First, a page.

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The Arab Race for the Bomb By: Sean Daniels
FrontPageMagazine.com | Wednesday, December 20, 2006

Iran’s Mullahs are no longer the only apparent contenders for a nuclear crown in the Islamic Middle East. 

As of December 10th, six more Arab nations declared their intention to gain nuclear energy at the annual meeting of the Gulf Cooperation Council (GCC) in Riyadh.  Only the day before, Iran exacerbated tensions throughout the region by announcing that it had already begun “installing 3,000 centrifuges” in the “first step toward industrial production” of “nuclear fuel.”  In this context, the GCC’s actions indicate a growing perception that the U.S. is on the verge of retreating from Iraq and may negotiate with Iran in order to achieve this end, as the recent Baker report proposed.  Gulf players are now beginning to act to confront the aggression of Iran in the belief that the U.S. never will, signaling even greater division in a region that edges ever closer toward a full-blown nuclear arms race.


While Prince Saud al-Faisal, the Saudi foreign minister, later attempted to assuage anxiety by reasserting the council’s “peaceful purposes” in pursuing nuclear energy, Arab pundits praised the GCC’s nuke statement as a “clear, strong and courageous” response to Iran’s nuclear program and the first show of true strength among the Sunni nations toward Shiite Iran’s growing power.  According to journalist Fouad al-Hashem, Sunni nations will no longer stand idly by while Shiite Iran achieves nuclear power; “with the help of [their] allies, [the Sunni nations intend to] balance the power and build [their] own reactors even if [they] don't need them.”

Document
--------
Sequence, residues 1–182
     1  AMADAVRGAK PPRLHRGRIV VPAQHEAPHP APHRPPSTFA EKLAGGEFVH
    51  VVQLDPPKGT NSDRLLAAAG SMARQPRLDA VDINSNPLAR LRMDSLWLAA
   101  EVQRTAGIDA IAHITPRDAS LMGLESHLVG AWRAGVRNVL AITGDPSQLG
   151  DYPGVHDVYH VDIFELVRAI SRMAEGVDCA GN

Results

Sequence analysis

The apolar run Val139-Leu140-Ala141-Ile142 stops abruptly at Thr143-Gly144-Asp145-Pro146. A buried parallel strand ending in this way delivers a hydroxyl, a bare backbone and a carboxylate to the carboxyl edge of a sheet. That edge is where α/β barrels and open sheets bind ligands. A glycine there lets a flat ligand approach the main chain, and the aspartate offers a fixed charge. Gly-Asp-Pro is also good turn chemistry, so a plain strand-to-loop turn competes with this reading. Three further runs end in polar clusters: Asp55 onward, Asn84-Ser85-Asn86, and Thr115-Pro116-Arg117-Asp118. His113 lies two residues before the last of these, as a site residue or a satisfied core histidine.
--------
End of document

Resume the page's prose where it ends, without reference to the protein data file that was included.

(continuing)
Gulf leaders, of course, were more diplomatic in addressing their concerns about Iran during the summit.  Saudi King Abdullah opened the GCC summit with a dire warning that the “region is […] a powder keg waiting for a spark to explode.”  We “do not feel threatened by Tehran,” GCC Secretary General Abdulrahman al-Attiyaha added, but we have grave concerns “about Shiite Iran’s growing role in Iraq and its standoff with the West over Tehran's nuclear program.”


The tone of the summit also revealed that the GCC nations – Saudi Arabia, Kuwait, United Arab Emirates, Qatar, Bahrain and Oman – connect Iran’s nuclear aggression with its funding of Shiite violence and terror in Iraq.  In fact, a number of reports indicate that the Saudis, who are the most prominent members of the GCC and hosted the summit this year, are already involved in combating Iranian power in Iraq with “Saudi money from private donations […] being used to buy weapons” for Sunni insurgents to combat Shiia and, therefore, Iranian power in Iraq.


So far, Saudi Arabia has denied “major” involvement in the Iraq conflict, but it recently  warned that it would back the Sunnis if the U.S. pulls out of Iraq.  These warnings are a sign that the Sunni-Shiite divide in Iraq has begun to draw surrounding Arab countries into the fighting along sectarian ties.  This is why the GCC’s nuclear statement represents a major declaration that the Sunni world will not tolerate Iranian power without nuclear and military proliferation of its own.


Kamal Nawash, president of the Free Muslims Coalition, explained the mounting tensions between Sunni and Shiite power in this way: many of the Arab nations “see that for the first time in history, the tide is changing in [Shiite] favor […] there is real concern about the future. Iran is being pretty aggressive in imposing its will, and it is not even that strong now. So they are thinking, ‘Imagine if it becomes a real regional power – it could be unstoppable.’”


According to Richard N. Haass, president of the Council on Foreign Relations, a new era in Mid-East politics has arisen, one in which America’s “unprecedented influence and freedom to act” in the region over the past twenty years have come to end. [1] The GCC’s recent declarations reveal that many believe that Haass’ assessment could indeed be true, and that we are entering an era where outside influence might have a lot less impact on the fate of the region.  The fact that Israeli officials actually welcomed the GCC’s nuclear intentions reveals that new alliances are forming along Sunni/Shiite lines.  Fearing that U.S. action no longer necessarily guarantees a stable Middle East, Israel seeks to buffer the Iranian threat and sees the Sunni nations as potential “allies.”  Where once Sunni nations used “code words” to address Iran’s nuke ambitions, now these nations “are coming out of the closet in a big way” in their opposition to Iran, said one Israeli official requesting anonymity.